Indie authors who want to distribute and sell an e-book have hundreds of viable options. Every major online bookseller such as Amazon, B&N and Kobo all have their own portals to submit content and sell it worldwide. Things are very different with digital audiobooks, which has quickly become a billion dollar industry. There are few options for indie authors to create an audiobook and offer it for sale.
Indie authors are facing insurmountable challenges when they want to generate an audiobook of their novel. Unlike writing a book, it is very hard to create and distribute an audio edition by themselves.
Some authors want to narrate their own books and submit it to various online retailers by themselves, after all they wrote the book themselves, how hard can it be?
The stark truth is that making an audiobook goes far beyond investing in a microphone and mixing board. For example, the sound must be consistent. Why? Consistency in audio levels, tone, noise level, spacing, and pronunciation helps give the listener a great experience. Drastic changes can be jarring and are not in keeping with a professional production. Extreme fluctuations in volume means the listener will have to keep a hand on the volume control of their listening device. This detracts from the listening experience and may lead to poor reviews and reduced sales.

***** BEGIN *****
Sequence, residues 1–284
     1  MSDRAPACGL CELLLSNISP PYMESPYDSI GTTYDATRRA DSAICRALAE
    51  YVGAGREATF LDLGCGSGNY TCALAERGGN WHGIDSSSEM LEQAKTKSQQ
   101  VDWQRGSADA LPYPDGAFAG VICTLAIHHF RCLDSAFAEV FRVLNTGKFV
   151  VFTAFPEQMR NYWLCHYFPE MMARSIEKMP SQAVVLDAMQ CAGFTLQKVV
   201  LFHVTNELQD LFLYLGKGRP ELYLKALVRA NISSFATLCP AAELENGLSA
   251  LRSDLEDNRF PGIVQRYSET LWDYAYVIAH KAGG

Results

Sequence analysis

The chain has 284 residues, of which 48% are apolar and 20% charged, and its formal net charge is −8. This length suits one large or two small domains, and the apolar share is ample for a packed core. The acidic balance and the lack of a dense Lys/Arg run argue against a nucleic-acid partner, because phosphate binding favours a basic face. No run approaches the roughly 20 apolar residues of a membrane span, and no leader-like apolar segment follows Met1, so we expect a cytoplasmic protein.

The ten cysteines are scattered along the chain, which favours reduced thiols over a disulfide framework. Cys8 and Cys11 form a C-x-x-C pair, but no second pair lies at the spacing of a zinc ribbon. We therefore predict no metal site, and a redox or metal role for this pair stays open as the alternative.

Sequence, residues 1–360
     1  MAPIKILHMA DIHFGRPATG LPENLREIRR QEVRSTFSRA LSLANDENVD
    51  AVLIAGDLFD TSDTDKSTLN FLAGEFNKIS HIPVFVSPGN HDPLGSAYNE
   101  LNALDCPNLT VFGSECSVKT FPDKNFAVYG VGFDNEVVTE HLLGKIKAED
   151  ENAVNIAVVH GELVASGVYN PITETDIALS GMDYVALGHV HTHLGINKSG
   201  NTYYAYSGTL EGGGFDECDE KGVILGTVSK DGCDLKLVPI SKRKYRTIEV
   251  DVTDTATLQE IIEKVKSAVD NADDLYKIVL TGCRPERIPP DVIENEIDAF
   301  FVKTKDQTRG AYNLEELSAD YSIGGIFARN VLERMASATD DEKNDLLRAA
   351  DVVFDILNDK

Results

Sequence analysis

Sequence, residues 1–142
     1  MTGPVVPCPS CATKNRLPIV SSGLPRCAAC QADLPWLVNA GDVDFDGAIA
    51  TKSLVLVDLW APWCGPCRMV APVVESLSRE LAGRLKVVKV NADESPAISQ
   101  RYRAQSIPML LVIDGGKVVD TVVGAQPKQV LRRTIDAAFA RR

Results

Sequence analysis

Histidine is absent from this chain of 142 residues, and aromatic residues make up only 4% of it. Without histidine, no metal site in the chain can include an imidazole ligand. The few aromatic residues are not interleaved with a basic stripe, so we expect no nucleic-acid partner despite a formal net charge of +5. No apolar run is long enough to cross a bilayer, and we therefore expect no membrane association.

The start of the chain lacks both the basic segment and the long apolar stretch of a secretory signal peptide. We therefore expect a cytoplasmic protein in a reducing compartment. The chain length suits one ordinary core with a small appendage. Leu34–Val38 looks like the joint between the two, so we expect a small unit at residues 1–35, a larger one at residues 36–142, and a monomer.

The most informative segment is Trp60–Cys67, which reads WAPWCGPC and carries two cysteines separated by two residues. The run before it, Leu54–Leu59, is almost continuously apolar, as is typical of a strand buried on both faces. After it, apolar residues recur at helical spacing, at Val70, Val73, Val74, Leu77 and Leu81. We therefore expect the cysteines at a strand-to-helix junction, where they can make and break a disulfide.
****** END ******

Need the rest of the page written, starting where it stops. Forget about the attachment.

An audiobook needs opening and closing credits which state the title of the book, the authors name and the publisher. The end credits merely need to say the end. The final product also needs a sample between 1 and 5 minutes in order to give a prospective listener a taste of whats to come.
If you want to submit your audiobook to Audible, Apple or Amazon and are doing it yourself, things get even more advanced. You have to record your books in segments, chapter by chapter. You simply can’t record one file that is 4 hours. Each uploaded file must have between 0.5 and 1 second of room tone at the head, and between 1 and 5 seconds of room tone at the tail. Each uploaded file must be free of extraneous sounds such as plosives, mic pops, mouse clicks, excessive mouth noise, and outtakes. Each uploaded file must measure between -23dB and -18dB RMS.Each uploaded file must have peak values no higher than -3dB. Each uploaded file must have a noise floor no higher than -60dB RMS. Finally each file must be 44.1 kHz and each file no larger than 170MB.
If you don’t know what any of the above actually means? Chances are you won’t be able to record the audiobook yourself and instead must lean on a professional.